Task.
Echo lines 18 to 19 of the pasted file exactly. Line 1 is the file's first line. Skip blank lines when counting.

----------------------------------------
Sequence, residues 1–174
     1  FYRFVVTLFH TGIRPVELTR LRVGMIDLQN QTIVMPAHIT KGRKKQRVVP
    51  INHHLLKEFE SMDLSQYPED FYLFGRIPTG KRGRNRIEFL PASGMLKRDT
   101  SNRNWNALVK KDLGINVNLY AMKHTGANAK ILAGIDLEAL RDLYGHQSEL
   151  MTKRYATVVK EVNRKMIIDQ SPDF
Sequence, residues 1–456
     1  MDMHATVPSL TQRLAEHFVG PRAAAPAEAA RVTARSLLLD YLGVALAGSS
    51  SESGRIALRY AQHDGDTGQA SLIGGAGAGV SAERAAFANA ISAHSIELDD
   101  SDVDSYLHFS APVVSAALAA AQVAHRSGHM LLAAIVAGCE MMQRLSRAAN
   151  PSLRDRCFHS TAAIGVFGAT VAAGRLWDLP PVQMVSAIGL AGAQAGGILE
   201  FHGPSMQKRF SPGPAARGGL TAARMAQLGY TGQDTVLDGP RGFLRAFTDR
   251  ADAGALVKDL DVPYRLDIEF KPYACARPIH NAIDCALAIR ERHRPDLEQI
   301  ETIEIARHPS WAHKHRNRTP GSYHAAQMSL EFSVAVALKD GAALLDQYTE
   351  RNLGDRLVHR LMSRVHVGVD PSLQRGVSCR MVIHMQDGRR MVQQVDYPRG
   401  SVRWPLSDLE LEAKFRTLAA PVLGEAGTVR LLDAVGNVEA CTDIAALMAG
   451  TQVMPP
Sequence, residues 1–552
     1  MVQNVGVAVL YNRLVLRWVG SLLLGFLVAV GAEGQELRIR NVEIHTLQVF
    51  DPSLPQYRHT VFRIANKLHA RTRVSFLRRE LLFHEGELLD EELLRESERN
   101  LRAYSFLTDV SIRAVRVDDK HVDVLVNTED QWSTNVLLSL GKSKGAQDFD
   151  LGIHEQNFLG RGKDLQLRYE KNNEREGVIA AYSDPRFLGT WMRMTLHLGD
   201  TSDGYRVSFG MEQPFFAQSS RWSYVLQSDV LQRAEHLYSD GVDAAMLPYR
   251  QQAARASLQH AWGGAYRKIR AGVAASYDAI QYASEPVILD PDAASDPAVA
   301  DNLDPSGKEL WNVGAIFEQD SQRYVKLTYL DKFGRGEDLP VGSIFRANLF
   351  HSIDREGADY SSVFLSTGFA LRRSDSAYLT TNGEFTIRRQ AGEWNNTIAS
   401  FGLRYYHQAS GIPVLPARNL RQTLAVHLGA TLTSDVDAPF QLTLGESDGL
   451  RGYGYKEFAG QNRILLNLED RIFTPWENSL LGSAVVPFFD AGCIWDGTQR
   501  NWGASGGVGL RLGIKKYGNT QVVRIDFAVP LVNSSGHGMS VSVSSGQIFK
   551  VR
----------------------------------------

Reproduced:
     1  MVQNVGVAVL YNRLVLRWVG SLLLGFLVAV GAEGQELRIR NVEIHTLQVF
    51  DPSLPQYRHT VFRIANKLHA RTRVSFLRRE LLFHEGELLD EELLRESERN